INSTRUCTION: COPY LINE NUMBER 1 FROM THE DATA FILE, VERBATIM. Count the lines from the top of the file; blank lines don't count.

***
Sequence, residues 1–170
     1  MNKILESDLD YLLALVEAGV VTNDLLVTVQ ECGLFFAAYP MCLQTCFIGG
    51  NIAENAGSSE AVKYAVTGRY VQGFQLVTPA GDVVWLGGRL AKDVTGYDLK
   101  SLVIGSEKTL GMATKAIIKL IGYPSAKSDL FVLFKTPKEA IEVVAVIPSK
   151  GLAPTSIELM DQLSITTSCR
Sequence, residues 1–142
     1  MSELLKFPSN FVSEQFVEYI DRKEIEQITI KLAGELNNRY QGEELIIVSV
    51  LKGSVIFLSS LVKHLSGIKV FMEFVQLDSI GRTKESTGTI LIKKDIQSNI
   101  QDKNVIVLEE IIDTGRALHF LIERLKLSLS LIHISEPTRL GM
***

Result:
Sequence, residues 1–170